In This is the Story of a Happy Marriage, Ann Patchett writes that she only has one story in her, and she keeps writing it over and over: "a group of strangers are thrown together." And it's true of the two novels of hers that I've read: Bel Canto and The Magician's Assistant.
I had to ask myself whether I only have one story, and if so, what it
is. When it comes to short stories, I think I have many. But novels? All
three of my published books feature a character struggling to overcome
some monumental event from his or her past. Sometimes it's the fairly
recent past, as in The Secret Year and Try Not to Breathe; sometimes it's the more distant past, as in Until It Hurts to Stop.
There is forward movement; there are different kinds of relationships
and different settings; and some of these stories end more happily than
others. But I do see that common thread.
Even when I look at my
unpublished books, the ones that I think are the most successful (and
still might want to publish if I can fix their flaws) include that same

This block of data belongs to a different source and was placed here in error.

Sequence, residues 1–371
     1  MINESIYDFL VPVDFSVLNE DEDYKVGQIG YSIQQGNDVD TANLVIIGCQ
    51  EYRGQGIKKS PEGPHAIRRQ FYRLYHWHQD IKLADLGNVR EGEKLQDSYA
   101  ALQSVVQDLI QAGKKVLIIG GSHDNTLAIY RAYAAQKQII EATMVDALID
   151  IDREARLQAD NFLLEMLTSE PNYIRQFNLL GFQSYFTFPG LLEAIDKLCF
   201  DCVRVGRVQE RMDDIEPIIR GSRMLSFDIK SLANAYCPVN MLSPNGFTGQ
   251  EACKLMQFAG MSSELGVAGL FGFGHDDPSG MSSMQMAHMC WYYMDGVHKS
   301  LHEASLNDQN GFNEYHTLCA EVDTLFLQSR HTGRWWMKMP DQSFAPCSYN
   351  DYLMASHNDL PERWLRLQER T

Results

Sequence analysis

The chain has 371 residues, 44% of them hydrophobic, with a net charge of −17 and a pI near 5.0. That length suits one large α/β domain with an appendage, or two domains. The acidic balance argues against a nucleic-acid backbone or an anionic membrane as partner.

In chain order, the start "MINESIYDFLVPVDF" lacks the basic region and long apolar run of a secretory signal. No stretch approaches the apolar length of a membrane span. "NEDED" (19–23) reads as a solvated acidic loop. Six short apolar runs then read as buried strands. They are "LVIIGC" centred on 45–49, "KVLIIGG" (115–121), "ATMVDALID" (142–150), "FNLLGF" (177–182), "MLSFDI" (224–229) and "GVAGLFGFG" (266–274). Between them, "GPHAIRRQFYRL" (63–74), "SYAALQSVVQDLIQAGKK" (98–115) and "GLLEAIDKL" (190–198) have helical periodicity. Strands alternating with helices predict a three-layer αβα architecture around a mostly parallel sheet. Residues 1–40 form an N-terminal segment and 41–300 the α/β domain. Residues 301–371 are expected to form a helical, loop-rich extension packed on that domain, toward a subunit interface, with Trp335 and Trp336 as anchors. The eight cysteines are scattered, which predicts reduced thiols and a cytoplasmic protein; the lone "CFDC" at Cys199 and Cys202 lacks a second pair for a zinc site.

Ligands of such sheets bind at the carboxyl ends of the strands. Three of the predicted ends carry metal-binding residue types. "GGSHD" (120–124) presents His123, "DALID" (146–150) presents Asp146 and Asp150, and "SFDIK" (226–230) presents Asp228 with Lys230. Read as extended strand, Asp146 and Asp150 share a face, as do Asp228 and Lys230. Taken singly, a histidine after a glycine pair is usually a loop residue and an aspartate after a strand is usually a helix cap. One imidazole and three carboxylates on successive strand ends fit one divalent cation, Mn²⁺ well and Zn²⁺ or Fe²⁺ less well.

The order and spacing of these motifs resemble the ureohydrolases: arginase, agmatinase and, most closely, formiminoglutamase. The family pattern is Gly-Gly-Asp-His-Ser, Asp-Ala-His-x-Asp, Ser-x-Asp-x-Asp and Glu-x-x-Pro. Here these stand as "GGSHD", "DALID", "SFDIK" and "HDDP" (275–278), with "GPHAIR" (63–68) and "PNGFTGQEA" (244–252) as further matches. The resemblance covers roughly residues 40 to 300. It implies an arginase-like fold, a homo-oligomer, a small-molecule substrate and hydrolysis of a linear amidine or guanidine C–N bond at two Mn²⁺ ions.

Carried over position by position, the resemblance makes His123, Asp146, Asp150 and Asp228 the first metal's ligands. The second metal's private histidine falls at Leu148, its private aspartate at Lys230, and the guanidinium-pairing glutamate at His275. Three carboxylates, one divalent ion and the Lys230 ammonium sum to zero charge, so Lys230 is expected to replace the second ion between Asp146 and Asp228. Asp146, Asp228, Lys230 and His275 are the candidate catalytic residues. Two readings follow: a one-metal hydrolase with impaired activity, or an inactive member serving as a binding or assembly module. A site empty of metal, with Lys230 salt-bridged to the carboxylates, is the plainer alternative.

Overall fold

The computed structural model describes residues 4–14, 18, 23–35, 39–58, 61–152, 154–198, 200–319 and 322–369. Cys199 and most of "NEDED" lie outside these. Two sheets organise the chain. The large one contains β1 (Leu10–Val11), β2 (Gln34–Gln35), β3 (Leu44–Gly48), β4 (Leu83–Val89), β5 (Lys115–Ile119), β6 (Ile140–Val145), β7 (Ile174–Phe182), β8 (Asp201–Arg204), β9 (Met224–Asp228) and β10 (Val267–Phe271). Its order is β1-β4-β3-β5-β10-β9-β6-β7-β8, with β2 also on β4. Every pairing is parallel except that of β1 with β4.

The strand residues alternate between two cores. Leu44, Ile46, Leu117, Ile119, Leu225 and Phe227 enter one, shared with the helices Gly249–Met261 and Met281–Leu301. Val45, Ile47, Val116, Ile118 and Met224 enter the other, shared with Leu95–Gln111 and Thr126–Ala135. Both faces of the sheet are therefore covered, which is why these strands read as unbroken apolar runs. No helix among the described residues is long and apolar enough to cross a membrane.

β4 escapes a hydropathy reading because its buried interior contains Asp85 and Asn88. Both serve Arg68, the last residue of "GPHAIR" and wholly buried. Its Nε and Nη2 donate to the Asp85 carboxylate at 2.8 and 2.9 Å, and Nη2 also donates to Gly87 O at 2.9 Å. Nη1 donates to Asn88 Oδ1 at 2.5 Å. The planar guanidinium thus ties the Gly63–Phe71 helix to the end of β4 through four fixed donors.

element. Is that what it takes for me to really get the wind in my
sails, I wonder--a character facing down the monsters of yesterday?
embraces her one story rather than fighting it. I'm still willing to
try to tell other stories if they occur to me--I won't shut the door on
new ideas--but if those attempts fizzle and I am left with my one story,
well ... that's no tragedy. There are thousands of ways to tell that
story. I am endlessly fascinated by how people heal, how they put back
together what has been broken or live with the cracks and the missing
pieces, and how they go about changing. I guess it shows in my writing!